Literary responses Charlotte O'Conor Eccles
Once again reviewers (as quoted at the back of The Matrimonial Lottery) were delighted with these [c]lever studies of Irish life and character. The Athenæum praised especially those stories which reflected first-hand knowledge (with...
Literary responses Isabella Neil Harwood
This novel generated a large amount of attention and positive reviews. They all made some points in common: they loved the plot, the way Minnie/Minna's character developed, the originality and the sustained interest it provided...
Literary responses Henrietta Camilla Jenkin
Elizabeth Gaskell later reported that reviews had been good.
Gaskell, Elizabeth. The Letters of Mrs Gaskell. Chapple, J. A. V. and Arthur PollardEditors , Harvard University Press, 1967.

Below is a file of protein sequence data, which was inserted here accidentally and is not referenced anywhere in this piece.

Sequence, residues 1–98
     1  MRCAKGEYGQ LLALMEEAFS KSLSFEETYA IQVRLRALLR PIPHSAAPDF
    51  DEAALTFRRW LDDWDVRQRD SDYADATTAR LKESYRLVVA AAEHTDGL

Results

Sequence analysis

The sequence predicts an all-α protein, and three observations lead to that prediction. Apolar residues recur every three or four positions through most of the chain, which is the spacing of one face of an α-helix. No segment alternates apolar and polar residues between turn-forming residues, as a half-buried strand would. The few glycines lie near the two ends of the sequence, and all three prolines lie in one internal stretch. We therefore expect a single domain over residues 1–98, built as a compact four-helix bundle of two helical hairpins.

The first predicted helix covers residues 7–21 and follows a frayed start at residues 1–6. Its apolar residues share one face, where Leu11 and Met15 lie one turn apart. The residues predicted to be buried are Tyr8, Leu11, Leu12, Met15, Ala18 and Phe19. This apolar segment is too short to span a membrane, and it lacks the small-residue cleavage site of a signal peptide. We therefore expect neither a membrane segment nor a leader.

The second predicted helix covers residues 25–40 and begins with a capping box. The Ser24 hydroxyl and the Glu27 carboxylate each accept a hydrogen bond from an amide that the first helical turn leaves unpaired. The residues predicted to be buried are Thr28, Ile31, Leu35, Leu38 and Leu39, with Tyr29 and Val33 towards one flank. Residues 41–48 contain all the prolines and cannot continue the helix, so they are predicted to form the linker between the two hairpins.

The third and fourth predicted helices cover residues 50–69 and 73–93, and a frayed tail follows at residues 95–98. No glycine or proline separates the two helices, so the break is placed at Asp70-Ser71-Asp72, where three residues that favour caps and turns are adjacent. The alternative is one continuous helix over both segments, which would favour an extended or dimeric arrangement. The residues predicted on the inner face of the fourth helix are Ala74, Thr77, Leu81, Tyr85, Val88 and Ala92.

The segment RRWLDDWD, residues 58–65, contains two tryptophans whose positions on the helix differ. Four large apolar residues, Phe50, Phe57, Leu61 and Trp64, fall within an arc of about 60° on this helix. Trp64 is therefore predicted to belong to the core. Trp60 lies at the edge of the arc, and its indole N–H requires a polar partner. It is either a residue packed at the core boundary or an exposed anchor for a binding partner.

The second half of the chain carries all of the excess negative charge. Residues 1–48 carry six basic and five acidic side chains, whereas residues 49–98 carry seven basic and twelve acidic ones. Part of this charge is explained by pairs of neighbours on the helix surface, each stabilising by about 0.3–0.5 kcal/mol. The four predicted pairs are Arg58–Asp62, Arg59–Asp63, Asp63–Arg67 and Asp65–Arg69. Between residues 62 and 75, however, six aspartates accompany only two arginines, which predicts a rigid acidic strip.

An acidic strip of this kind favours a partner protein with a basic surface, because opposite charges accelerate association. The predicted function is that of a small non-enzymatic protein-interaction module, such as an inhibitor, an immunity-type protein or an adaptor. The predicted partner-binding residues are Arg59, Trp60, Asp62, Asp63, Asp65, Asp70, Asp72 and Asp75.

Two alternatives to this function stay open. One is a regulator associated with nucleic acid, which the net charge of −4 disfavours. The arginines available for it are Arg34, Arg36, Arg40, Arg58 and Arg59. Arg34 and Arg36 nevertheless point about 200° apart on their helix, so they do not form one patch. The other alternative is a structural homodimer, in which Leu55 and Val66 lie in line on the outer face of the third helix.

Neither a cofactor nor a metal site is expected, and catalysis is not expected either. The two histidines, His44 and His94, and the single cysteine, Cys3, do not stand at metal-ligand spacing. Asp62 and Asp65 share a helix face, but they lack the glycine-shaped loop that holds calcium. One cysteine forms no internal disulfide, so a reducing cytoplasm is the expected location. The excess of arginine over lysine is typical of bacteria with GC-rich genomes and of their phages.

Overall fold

The Athenæum notice, by Geraldine Jewsbury , was moderately favourable, but by calling it the work of a beginner,
Athenæum. J. Lection.
1593 (1858): 593
The Athenaeum Index of Reviews and Reviewers: 1830-1870.
654 (1840): 371-2
Literary responses George Eliot
On the whole reviewers were enthusiastic (E. S. Dallas began his notice in the Times, George Eliot is as great as ever
Carroll, David, editor. George Eliot: The Critical Heritage. Barnes and Noble, 1971.
), but the ending of The Mill on the Floss...
Literary responses Dinah Mulock Craik
Some felt she wrote too much too fast. Elizabeth Gaskell commented in a letter of 1851, I wish she had some other means of support than writing, which must be pumped up instead of bubbling...
Literary responses Christina Rossetti